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Critical Care  2012 

Hypothermia in the operating theatre

DOI: 10.1186/cc11275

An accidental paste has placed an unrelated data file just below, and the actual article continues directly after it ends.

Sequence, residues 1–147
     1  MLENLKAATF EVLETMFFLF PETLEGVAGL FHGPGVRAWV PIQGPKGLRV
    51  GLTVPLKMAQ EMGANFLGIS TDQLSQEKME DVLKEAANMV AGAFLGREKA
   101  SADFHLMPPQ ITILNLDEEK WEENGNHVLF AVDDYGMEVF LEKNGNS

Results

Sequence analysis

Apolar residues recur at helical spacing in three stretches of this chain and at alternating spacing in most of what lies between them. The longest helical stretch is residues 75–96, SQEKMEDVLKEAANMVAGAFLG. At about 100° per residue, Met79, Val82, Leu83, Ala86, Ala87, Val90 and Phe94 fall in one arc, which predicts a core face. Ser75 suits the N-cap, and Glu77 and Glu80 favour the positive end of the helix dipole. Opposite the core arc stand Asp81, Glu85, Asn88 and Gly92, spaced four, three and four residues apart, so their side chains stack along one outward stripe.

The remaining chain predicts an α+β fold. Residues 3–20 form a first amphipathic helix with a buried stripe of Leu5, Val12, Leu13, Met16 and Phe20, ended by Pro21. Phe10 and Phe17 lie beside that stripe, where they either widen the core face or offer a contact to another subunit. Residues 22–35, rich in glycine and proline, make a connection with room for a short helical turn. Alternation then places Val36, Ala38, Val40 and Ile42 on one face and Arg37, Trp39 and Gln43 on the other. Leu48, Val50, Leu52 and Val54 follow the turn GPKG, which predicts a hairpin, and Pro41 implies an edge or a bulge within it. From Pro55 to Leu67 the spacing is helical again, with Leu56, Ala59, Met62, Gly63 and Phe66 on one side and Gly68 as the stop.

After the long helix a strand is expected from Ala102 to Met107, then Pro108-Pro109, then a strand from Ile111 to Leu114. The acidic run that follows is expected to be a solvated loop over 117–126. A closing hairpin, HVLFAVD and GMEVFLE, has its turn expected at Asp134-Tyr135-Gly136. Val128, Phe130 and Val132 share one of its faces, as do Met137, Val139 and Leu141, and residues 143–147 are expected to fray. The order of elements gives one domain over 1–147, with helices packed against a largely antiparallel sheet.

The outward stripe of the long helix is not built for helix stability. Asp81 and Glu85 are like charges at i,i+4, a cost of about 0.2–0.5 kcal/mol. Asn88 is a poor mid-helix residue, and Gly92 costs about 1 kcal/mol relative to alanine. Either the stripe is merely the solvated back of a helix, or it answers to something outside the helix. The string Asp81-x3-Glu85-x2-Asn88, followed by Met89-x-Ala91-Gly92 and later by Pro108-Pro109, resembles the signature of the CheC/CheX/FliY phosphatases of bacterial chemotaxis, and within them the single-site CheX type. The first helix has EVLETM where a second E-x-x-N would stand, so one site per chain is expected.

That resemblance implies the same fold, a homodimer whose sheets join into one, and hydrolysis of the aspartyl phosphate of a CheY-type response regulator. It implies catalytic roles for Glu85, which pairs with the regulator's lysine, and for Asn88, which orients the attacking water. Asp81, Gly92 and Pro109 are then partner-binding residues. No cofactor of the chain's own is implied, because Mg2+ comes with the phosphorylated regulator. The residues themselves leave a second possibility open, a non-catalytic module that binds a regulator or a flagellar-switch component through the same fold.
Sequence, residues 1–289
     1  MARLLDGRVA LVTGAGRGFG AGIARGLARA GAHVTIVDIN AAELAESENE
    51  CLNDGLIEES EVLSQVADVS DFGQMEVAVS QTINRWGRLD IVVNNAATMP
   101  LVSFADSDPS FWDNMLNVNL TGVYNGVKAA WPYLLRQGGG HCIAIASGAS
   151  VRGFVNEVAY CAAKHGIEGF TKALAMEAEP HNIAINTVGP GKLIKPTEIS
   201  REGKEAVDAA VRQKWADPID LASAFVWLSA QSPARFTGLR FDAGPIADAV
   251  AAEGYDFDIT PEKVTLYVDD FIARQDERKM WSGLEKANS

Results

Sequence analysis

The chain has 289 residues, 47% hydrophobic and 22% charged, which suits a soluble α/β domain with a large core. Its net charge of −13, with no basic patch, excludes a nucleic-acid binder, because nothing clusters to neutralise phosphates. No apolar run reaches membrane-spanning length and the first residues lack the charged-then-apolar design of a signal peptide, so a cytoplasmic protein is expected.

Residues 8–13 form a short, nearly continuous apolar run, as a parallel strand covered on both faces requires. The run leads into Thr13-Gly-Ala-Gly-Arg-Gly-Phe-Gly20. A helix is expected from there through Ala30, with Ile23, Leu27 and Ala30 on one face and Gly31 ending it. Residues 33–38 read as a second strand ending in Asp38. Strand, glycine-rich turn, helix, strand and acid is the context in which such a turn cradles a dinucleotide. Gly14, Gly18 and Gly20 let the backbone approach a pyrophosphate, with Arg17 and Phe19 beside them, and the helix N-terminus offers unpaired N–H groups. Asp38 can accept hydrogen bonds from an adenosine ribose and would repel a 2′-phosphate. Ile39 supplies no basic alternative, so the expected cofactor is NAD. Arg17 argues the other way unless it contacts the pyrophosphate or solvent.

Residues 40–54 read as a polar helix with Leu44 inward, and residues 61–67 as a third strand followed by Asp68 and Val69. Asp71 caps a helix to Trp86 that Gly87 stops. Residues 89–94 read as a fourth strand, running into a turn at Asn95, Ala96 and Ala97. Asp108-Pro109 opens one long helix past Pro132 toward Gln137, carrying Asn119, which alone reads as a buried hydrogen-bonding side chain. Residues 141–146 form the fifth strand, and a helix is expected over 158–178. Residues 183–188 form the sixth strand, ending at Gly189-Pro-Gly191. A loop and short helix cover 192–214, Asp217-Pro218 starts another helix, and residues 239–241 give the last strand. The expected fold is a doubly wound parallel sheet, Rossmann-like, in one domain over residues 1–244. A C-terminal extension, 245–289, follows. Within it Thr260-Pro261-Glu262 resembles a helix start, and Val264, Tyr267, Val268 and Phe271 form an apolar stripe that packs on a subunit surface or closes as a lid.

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Cerebral ischaemia results from a reduction or complete loss of cerebral blood flow (CBF) and lack of cerebral oxygenation, followed by depletion of ATP, dysfunction of ATP-dependent membrane pumps and subsequently occurrence of anoxic depolarisation. A large amount of glutamate is released from the intracellular space into the extracellular space, causing excitotoxic injury by stimulating N-methyl-D-aspartate (NMDA) receptors and triggering calcium influx. Increased intracellular calcium levels per se amplify injury by increasing calcium permeability and glutamate release via second messenger mechanisms. These acute cascades lead to necrotic neuronal death by interfering with the mitochondrial respiratory chain. Ischaemia and reperfusion further enhance excitotoxicity by providing oxygen as a substrate for several enzymatic oxidation reactions, thereby generating products of reactive oxygen species in large quantities. These free radicals enhance protein oxidation and lipid membrane disintegration and in conjunction with blood-brain barrier (BBB) disruption further contribute to ischaemic necrosis. Apoptosis also occurs in cerebral ischemia, with antiapoptotic proteins being selectively upregulated in surviving neurons and proapoptotic proteins being highly expressed in dying cells.The first controlled attempts to cool the human brain were undertaken by the neurosurgeon Temple Fay in 1938 [1]. Irrigating the brain directly with ice water and sometimes achieving solid parenchymal freezing, he claimed 'extremely gratifying results' in a paper on 'local and generalized refrigeration of the human brain'. Over time, many mechanisms have been proposed regarding the neuroprotective effect of hypothermia. First, hypothermia results in a temperature-dependent decrease of oxygen and glucose metabolism; that is, a 10°C decrease in temperature reduces ATP consumption and the cerebral metabolic rate (CMR) of oxygen, glucose, and lactate twofold to fourfold [2]. Second, intra-is


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